Now, even as prime minister and finance minister issue facile statements urging banks to increase credit supply to agriculture and RBI harps on the many steps taken to ensure this, the mandatory 18% credit to agriculture is being deliberately watered down. The tampering of agricultural credit began from 1990 itself and now it picked up pace. To begin with, the concept of indirect agricultural credit was introduced allowing banks to divert agricultural credit away from farmers. Banks were permitted to disburse 25% percent of total agricultural credit as indirect agricultural credit. Loans to fertilizer and other input traders, dealers in agricultural equipments, arthias (commission agents), non-baking finance companies for on lending to agriculture, businessmen for construction of cold storages and hire purchases schemes in agricultural machinery are some of the categories that are now considered as indirect loans to agriculture. It is a cause for alarm that entities receiving this indirect agricultural credit also undertake considerable money lending in the rural areas. For example fertilizer and pesticide traders and arthias undertake money lending at very high interest rates to farmers, especially the poorest of them, in most of the regions. What is even more alarming is that RBI is aware of this. In fact, RBI states that these loans are extended to them ‘for working capital requirements on account of credit extended to farmers for supply of inputs’. Now, one may ask, what is the rationale in extending credit to traders, dealers and agents so that they can re lend to farmers at killing rates instead of lending directly to farmers? Similarly, lending to non bank financial companies for on lending to agriculture would again mean higher interest rates to farmers as such companies have reputation of extracting exploitative interest rates out of customers.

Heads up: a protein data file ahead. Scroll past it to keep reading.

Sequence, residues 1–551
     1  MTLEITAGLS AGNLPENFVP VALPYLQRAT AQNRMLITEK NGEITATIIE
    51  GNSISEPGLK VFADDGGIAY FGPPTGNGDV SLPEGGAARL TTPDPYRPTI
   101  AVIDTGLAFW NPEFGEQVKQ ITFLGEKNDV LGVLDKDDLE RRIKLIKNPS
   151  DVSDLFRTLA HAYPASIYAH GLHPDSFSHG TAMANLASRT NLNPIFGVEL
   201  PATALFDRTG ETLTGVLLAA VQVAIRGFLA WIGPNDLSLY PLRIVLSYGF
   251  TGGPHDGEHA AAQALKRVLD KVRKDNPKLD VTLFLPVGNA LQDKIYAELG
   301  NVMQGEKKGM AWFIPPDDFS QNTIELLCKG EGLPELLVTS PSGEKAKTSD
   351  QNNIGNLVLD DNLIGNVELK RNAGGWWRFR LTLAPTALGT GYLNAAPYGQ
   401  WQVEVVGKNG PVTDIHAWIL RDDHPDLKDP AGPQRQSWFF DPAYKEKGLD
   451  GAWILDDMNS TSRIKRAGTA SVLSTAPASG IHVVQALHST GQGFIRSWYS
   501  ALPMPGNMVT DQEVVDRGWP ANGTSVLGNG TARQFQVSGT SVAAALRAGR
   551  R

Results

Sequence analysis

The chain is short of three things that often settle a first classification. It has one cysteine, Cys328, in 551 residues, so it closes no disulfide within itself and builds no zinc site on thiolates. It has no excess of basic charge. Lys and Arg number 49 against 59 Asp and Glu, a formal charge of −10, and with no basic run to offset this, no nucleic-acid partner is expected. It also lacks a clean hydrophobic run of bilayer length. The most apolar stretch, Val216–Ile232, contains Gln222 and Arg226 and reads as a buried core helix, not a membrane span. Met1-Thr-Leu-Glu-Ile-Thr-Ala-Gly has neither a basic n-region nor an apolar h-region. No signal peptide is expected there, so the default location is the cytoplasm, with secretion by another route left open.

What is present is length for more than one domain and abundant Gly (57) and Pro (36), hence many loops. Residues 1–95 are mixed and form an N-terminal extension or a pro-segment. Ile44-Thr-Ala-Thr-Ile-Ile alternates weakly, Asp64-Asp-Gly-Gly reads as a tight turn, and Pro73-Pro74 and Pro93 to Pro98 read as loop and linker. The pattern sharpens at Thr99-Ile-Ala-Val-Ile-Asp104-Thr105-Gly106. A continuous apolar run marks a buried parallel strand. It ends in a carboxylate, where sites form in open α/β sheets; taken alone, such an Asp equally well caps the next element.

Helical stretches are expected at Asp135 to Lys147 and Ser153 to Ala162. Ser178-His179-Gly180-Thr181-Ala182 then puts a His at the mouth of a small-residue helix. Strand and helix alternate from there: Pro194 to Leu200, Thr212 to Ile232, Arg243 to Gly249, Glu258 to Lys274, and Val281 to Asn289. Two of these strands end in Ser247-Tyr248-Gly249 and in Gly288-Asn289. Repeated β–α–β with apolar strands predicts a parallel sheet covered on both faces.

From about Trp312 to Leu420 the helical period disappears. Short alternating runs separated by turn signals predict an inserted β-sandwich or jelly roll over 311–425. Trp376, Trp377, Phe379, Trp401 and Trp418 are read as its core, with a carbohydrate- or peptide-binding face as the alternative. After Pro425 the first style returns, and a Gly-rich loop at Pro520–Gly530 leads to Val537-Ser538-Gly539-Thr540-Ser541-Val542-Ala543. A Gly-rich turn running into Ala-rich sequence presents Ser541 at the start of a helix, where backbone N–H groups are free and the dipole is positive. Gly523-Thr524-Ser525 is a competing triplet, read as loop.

Even within the so called direct agricultural credit (75% of total agricultural credit), which is meant to be given directly to farmers, sundry loans that do not involve credit to farmers are being included. To mention a few, loans up to Rs. 10 lakhs against ware house receipts, loans to agriclinics and agribusinesses centres, loans up to Rs 1 crore to farmers and one third of loans of above Rs. 1 crore to farmers are now considered direct loans to agriculture. Now, who are these farmers that can take Rs. 10 lakh loans against ware house receipts and need Rs 1 crore to do farming? Very few farmers have access to warehouse facilities and even when there is access farmers tend to sell their produce immediately after harvesting to repay loans and meet household expenses. Only very rich farmers can afford to stock up their produce in anticipation of a better price. As a result this provision is used by banks mainly to finance food grain traders holding up stocks in ware houses. Now this is a god send to banks hungry for profits, especially the private sector ones. They can meet the agricultural credit quotas while making tidy profits by lending to traders who are willing to pay high interest rates. What do banks care if these loans go in to food grain speculation by traders? One does not need a great deal of imagination either to come to the obvious conclusion that Rs. 1 crore and above agricultural loans are not really going to farmers. These loans are meant to finance corporate farming and even worse these loans are being diverted to real estate speculation. In metropolitan cities realtors who buy up large swaths of agricultural land in the outskirts for speculation, by virtue of owning land, can be considered farmers if the banks want to. It is an open secret that some banks divert considerable amounts of credit in to real estate in the name of direct agricultural credit. No one is suggesting that banks should deny credit to traders, agriclinics and agribusinesses and other activities but diverting credit meant for farmers to these activities is downright criminal. As a result of this diversion at present 15% of the total agricultural credit goes to loans above Rs. 25 crores, 25% goes to loans above Rs 1. Crore and 33% goes to loans above Rs. 10 lakhs. In all this very little goes to farmers.